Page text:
Wednesday, December 17, 2008

The Dumbing Down of Wall Street

Thomas DiLorenzo makes an important point when he writes:

Wall Street banksters are known to hire bright, young Ivy League graduates and working them like dogs by holding out the prospect of great riches for the relative few who rise to the top of the heap. They don't need to have studied business or economics; any Ivy League degree will do. After many years of observing this hiring model, I'm beginning to see a real bankruptcy of economic understanding on the part of even the more successful Wall Streeters.
Early this week, I met with a research analyst who worked for Bear Stearns. He has obviously moved on. What struck me during our conversation, though, was that when I pointed out to him that M2 nsa money supply was now growing over the last three months at an annualized rate of 17%, he asked me, "How exactly does that work, can the Fed just create any amount of money they want?" When I said, "Yes," he seemed fascinated by this fact and I had to explain to him how Fed open market operations work. What does he research, that he didn't know this? Chemical stocks? No. Biotech stocks? No.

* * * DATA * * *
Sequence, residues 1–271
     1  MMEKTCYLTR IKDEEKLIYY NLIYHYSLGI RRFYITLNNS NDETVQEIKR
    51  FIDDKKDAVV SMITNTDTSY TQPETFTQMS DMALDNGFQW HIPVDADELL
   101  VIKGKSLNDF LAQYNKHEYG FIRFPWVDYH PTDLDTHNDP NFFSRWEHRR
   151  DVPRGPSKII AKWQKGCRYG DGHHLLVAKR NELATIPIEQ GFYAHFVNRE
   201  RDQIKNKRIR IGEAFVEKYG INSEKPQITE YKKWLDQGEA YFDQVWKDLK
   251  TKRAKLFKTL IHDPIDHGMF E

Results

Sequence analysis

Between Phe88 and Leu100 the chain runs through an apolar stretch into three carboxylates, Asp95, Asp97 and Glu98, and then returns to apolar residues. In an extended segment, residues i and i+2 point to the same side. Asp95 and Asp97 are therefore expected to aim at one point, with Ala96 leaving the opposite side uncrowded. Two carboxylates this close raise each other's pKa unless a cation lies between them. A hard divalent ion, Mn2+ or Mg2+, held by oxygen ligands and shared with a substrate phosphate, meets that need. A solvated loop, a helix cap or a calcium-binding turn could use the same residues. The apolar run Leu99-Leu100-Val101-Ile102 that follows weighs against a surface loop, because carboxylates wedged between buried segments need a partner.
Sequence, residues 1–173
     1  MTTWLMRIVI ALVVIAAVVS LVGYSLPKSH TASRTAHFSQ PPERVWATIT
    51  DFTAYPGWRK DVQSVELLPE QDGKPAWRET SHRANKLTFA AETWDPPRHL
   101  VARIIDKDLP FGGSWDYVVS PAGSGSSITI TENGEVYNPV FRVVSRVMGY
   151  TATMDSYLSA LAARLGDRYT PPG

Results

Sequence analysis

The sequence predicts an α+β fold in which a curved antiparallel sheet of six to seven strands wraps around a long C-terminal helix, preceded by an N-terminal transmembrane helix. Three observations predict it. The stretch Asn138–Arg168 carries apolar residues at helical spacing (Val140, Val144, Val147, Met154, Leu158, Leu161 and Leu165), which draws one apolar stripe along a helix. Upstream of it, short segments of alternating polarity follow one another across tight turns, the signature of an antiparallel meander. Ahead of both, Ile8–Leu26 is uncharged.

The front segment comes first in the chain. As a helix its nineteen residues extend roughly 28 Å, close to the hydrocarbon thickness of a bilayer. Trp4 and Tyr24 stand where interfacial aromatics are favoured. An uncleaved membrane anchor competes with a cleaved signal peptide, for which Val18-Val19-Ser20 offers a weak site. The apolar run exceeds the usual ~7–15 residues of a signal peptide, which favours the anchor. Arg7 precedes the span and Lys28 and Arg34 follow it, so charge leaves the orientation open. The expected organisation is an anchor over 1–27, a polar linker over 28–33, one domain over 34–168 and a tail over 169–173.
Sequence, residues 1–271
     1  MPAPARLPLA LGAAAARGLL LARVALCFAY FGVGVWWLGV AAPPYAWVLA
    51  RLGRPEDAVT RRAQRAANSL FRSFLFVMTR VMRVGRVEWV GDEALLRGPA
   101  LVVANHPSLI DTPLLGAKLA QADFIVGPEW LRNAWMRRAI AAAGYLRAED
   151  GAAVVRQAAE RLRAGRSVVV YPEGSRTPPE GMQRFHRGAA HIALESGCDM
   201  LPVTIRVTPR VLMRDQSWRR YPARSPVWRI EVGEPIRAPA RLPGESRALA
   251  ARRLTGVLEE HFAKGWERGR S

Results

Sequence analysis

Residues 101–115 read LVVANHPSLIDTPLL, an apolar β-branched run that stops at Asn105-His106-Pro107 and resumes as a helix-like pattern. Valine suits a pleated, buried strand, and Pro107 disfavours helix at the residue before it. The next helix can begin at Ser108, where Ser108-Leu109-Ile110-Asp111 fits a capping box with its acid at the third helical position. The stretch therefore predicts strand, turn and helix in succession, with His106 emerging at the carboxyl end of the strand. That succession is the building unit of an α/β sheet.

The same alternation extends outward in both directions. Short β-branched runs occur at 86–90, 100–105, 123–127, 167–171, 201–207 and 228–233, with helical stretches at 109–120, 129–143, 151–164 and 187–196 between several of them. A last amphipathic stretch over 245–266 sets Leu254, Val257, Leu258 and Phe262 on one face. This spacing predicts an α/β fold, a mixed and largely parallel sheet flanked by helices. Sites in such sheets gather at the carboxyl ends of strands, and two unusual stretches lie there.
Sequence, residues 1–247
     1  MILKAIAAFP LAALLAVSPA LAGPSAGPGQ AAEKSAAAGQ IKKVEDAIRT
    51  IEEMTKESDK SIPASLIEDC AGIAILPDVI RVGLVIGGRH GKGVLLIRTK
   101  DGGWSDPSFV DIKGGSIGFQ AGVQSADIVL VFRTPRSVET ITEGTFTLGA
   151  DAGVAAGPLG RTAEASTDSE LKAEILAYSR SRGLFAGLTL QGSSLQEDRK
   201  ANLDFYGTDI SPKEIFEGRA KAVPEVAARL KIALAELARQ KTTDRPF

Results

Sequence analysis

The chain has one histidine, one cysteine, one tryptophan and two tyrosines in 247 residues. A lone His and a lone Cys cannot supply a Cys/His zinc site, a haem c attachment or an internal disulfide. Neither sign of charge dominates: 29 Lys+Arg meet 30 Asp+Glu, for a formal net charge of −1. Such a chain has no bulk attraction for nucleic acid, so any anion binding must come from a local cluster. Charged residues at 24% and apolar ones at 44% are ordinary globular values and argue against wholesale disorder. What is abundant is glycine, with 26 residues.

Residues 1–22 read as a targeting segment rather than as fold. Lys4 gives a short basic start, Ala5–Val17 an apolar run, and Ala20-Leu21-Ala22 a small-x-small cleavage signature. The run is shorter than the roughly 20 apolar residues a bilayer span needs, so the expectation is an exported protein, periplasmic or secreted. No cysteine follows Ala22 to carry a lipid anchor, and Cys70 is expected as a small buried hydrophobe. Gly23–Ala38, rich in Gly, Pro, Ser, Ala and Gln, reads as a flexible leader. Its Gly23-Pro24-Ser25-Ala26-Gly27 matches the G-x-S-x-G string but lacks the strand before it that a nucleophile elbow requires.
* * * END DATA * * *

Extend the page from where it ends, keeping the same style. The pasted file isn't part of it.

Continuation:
He's researches bank stocks.


  1. That's awesome. But what about the guy in my econ PhD class who told the provost (during the unionization effort of the NYU grad students) that NYU should be able to give breaks on student housing without cutting stipends, because NYU owns the buildings and so it wouldn't cost them anything to cut the rent?

  2. Well, if he got a job on Wall Street it proves the point.